Superdry has rejected a business plan proposed by its co-founder Julian Dunkerton and urged shareholders not to allow him back on the board.
Mr Dunkerton stepped down from the board a year ago since when the shares had lost 70% of their value.
Now he has demanded to be reappointed and has published a plan – “Supercharging Superdry”.
However, in a blunt statement Superdry said his return, ‘in any capacity, would be extremely damaging’.
Its official statement just released, says: “The Board unanimously believes that Mr Dunkerton’s return to the company, in any capacity, would be extremely damaging to the company and its prospects.” It adds the plan has “no clear articulation of the proposed strategy or action plan”.
The statement uses capital letters and underscoring to urge shareholders to “VOTE AGAINST” a motion at a general meeting on 2 April appointing Mr Dunkerton to the board along with Peter Williams, chairman of online retailer Boohoo.
Mr Dunkerton and James Holden founded Superdry from a small stall in Cheltenham market 16 years ago.
Mr Holden left the company in 2016 and Mr Dunkerton stepped down last year citing “other demands on his time”, although more recently he blamed “my fundamental disagreement” with the company’s strategy.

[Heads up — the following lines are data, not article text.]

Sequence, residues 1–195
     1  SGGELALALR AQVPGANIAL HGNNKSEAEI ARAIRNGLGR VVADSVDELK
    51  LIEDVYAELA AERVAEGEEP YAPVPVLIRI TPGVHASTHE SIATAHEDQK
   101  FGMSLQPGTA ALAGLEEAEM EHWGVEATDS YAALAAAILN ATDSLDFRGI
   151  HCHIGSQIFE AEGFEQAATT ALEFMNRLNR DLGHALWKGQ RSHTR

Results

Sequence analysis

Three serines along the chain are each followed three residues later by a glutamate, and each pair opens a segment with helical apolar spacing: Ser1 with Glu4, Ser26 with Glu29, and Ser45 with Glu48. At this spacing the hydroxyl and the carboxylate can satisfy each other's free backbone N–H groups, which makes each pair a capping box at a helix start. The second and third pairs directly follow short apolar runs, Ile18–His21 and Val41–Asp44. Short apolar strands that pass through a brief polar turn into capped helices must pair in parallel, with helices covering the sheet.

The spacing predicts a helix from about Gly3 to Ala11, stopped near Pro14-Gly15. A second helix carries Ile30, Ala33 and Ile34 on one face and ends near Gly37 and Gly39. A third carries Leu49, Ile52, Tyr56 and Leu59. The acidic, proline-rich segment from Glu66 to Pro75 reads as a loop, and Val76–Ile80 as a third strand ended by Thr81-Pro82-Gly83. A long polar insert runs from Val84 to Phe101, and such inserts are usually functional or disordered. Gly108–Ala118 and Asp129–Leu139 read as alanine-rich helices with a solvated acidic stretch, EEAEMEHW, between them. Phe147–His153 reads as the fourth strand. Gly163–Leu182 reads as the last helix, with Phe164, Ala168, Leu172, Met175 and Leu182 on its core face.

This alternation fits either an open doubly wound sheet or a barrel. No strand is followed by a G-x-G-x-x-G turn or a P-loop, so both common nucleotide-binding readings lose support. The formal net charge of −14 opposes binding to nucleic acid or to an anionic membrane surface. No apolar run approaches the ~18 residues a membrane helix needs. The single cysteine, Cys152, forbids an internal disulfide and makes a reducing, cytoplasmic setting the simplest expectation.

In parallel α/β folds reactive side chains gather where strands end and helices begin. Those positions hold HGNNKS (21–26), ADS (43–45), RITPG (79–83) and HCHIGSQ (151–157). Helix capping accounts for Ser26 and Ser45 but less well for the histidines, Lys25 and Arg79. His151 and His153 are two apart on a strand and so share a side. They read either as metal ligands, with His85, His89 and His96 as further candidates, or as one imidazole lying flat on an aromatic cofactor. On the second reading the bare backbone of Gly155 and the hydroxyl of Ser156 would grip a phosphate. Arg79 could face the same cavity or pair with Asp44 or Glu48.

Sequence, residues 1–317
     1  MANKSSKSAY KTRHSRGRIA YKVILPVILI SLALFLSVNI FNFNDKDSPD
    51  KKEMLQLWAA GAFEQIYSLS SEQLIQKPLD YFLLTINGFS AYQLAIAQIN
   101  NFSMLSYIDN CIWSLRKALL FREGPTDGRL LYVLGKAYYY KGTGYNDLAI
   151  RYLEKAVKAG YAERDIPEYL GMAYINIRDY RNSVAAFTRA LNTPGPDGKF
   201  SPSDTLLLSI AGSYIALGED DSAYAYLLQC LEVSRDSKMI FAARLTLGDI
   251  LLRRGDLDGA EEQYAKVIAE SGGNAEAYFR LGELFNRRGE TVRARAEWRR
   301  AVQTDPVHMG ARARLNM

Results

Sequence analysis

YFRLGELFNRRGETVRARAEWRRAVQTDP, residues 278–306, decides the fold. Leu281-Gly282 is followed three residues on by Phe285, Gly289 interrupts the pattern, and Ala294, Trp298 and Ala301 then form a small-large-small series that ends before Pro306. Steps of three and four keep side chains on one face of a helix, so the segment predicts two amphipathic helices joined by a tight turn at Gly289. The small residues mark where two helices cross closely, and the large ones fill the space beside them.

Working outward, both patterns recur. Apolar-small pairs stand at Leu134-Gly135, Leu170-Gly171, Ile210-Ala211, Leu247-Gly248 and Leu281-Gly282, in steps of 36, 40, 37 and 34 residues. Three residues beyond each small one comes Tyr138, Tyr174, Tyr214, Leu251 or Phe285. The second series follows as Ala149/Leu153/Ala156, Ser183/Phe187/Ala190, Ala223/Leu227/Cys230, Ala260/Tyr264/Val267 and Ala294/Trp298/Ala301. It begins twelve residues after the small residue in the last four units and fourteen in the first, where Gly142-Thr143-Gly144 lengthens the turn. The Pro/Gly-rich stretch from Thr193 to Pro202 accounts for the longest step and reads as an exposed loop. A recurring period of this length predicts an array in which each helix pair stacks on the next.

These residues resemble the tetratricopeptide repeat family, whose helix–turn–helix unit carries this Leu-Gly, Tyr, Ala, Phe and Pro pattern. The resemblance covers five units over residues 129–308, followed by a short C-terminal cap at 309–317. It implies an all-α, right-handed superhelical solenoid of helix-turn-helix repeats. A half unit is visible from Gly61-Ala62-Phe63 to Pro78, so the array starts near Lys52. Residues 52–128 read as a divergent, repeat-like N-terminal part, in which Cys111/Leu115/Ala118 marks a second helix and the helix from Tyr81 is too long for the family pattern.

Mr Dunkerton is the company’s largest shareholder with 18%. He and Mr Holder have a combined stake of 28.5%.
Since Mr Dunkerton’s departure Superdry’s fortunes have declined. In December it issued a profit warning, and this month the company announced it would cut up to 200 jobs.
Mr Dunkerton criticised the retailer’s “misguided strategy” – including a reduction in stock both in stores and online – which he claimed he had always predicted would fail, and has set up a website Save Superdry.
On it he launched his business plan saying Superdry had undergone a “dramatic shift from being a design-led business with innovative creative input, a strong brand identity and an innate understanding of the customer, to follow a misguided consultant-led business model”
Superdry said that its fall in profits were due to unseasonably warm weather and tough competition from discounters.
In his business plan Mr Dunkerton said “The weather isn’t the issue, the strategy is.”